American Journal of Bioscience and Bioengineering
Volume 5, Issue 1, February 2017, Pages: 34-40

Assessment on the Perception of Invasive Alien Spices (IAS) of Farmers and Stake Holders on the Agricultural Sector in Eastern Ethiopia

Yeneayehu Fenetahun Mihertu

Ethiopian Biodiversity Institute (EBI) Harar Biodiversity Center, Harar, Ethiopia

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To cite this article:

Yeneayehu Fenetahun Mihertu. Assessment on the Perception of Invasive Alien Spices (IAS) of Farmers and Stake Holders on the Agricultural Sector in Eastern Ethiopia. American Journal of Bioscience and Bioengineering. Vol. 5, No. 1, 2017, pp. 34-40. doi: 10.11648/j.bio.20170501.16

Received: January 6, 2017; Accepted: January 18, 2017; Published: February 22, 2017


Abstract: Invasive species can be seen as species that are introduced in a new region, and that spreads rapidly. Invasive alien species (IAS) are characterized by rapid growth rates, extensive dispersal capabilities, large and rapid reproductive output and broad environmental tolerance. this assessment paper discuss on the general perception of IAS from three basic target groups (local farmers, both zonal, regional and woreda agricultural, environmental and forest experts). The assessment was based on three basic concepts that is (1). to understand the attitudes of the target group (evolution of the level of knowledge, awareness and need for information monitoring with related to invasive alien spices); (2). identifying the communication tools most frequently used; and (3). identify which best practices were implemented in order to control IAS with in the residence area. From the assessment data we can understand all target group were concerning on the issue of IAS even they have different level of knowledge and control mechanism and finally the target groups forwarded the following basic recommendation like further support and cooperation with regard to its fast and aggressive expansion of IAS and I also support and elaborate their recommendation.

Keywords: Agricultural Biodiversity, IAS, Impact, Target Group, Perception


1. Introduction

Invasive species can be seen as species that are introduced in a new region, and that spreads rapidly [14]. Or an alien species is an organism introduced outside its natural past or present distribution range by human agency, either directly or indirectly [2]. The deliberate or accidental introduction of non-indigenous species to new habitats has become an increasingly important aspect of global environmental change [1, 10, 11, 13] and can cause important economic, environmental and social losses [4]. Invasive alien species (IAS) are characterized by rapid growth rates, extensive dispersal capabilities, large and rapid reproductive output and broad environmental tolerance [3]. It is estimated that as many as 50% of invasive species in general can be classified as ecologically harmful, based on their actual impacts [15]. Once an invasive species becomes firmly established, its control often becomes difficult and eradication is usually impossible [13]. Therefore, exotic species will forever be common components of every ecosystem on Earth.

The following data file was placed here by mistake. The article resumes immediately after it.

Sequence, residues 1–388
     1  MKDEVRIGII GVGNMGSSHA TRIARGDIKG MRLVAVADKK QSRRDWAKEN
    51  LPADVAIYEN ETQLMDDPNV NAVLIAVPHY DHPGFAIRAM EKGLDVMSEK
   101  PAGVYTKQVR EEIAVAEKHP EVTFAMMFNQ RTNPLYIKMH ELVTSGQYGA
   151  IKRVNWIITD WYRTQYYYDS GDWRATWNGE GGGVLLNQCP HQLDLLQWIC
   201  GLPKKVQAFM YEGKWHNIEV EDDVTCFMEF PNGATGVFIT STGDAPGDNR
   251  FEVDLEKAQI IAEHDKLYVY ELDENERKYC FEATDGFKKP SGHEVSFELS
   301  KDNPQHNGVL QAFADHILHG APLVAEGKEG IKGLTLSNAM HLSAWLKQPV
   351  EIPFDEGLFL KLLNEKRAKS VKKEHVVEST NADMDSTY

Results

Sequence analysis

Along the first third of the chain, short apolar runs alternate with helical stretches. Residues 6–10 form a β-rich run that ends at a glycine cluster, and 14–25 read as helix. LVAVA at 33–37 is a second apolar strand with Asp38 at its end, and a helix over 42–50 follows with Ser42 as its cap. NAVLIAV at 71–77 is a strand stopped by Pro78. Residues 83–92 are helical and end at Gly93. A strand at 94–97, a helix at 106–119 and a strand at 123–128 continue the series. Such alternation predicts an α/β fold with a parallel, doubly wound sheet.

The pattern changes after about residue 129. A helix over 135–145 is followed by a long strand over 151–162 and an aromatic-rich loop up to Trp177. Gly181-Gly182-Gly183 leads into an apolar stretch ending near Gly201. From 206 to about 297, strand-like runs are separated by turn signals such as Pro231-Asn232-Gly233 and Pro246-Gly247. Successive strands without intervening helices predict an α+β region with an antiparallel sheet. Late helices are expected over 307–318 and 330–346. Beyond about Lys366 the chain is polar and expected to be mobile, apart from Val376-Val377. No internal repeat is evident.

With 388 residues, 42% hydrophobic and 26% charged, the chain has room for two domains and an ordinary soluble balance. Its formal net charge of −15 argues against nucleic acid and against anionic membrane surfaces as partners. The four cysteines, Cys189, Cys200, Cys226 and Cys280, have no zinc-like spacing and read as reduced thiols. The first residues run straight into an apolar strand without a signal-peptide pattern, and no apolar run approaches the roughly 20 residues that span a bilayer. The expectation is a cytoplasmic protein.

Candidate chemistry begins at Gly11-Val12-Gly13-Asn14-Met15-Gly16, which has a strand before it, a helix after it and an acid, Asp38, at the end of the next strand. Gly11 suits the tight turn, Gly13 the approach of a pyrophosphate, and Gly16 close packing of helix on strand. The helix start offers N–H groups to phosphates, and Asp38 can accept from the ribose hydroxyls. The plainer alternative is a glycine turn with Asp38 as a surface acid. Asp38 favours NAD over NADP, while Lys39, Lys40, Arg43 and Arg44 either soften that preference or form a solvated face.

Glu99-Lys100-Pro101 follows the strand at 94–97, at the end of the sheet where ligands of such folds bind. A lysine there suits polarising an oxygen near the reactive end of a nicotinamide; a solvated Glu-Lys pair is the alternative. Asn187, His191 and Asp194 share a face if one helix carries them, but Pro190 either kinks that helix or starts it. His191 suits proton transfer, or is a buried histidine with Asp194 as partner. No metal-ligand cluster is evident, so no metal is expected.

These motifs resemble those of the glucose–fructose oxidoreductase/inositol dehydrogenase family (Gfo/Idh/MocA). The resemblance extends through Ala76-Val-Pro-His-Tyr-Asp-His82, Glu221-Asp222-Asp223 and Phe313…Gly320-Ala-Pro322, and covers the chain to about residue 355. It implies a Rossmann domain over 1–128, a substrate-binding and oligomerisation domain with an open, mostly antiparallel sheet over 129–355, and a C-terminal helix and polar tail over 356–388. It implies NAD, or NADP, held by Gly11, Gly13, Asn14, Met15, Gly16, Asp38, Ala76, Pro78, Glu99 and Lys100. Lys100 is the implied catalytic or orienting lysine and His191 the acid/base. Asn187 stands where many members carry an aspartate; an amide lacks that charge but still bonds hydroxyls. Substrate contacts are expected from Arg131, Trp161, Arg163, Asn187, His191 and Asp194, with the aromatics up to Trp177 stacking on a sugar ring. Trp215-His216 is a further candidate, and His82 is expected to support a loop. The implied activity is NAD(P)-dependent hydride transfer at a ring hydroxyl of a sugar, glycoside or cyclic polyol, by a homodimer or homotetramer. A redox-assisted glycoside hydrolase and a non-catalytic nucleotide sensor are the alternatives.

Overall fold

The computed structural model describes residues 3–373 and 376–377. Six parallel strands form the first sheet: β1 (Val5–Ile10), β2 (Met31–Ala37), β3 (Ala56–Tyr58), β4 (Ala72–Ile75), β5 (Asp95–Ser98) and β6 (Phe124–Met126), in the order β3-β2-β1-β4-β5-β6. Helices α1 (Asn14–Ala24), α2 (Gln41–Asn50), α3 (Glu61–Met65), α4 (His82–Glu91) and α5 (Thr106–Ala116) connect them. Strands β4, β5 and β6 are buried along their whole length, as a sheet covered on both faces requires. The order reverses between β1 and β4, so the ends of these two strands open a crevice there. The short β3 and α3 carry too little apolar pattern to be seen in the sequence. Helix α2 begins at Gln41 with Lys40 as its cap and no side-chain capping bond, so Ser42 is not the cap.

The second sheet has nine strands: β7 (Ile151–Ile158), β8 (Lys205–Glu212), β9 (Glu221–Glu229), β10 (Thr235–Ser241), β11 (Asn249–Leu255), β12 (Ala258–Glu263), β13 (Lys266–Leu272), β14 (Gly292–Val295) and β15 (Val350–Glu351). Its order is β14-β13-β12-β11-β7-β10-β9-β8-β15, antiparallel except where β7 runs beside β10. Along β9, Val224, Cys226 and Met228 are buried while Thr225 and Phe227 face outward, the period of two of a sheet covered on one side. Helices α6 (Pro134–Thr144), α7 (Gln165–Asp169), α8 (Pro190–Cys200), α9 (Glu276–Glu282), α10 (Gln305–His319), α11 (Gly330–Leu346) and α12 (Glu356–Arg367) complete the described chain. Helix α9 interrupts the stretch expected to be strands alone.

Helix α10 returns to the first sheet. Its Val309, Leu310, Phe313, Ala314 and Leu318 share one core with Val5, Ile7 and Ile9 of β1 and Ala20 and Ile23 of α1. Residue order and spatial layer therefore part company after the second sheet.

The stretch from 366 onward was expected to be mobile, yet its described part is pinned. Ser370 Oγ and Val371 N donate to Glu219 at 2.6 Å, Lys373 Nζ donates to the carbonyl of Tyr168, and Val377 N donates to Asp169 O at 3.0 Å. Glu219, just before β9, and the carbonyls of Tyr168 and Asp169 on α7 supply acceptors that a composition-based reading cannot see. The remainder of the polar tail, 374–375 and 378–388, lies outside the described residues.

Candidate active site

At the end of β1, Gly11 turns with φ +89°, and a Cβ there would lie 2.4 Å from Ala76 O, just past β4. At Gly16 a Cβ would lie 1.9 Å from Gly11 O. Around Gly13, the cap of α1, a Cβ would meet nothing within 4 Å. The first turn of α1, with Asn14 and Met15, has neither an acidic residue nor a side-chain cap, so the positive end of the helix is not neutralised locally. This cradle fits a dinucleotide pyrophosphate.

Currently, IAS, which is the second, next to habitat distraction to biodiversity threat [8]. Therefore, countries should evaluate the ecological distribution and socioeconomic impact of these species to take appropriate management and control measures. In Ethiopia, there are about 32 IAS and from these 24 identified and 8 of them are still unidentified [12]. Among these invasive alien species Mesquites (Prosopis juliflora), parthenium weed (Parthenium hysterophorus), water hyacinth (Eichhornia crassipes), Lantana camara, and Acacia species are causing major problems in the country. Currently, it is observed that the IAS species has been increasing in density as well as area coverage from year to year even from month to month and heavily infests most agricultural as well as potential range lands in the eastern part of Ethiopia. The impacts of alien species are enormous. They cause alteration in ecosystem processes and community structure, decline in abundance and richness of native flora [5, 16, 17]. Since eastern part of Ethiopia is one of the countrys hotspots for farmers indigenous Crop, animal and plant diversity but now a day this biological diversity is highly eroded and disappeared due to the occurrence and rapid invasion of invasive alien spice in the area.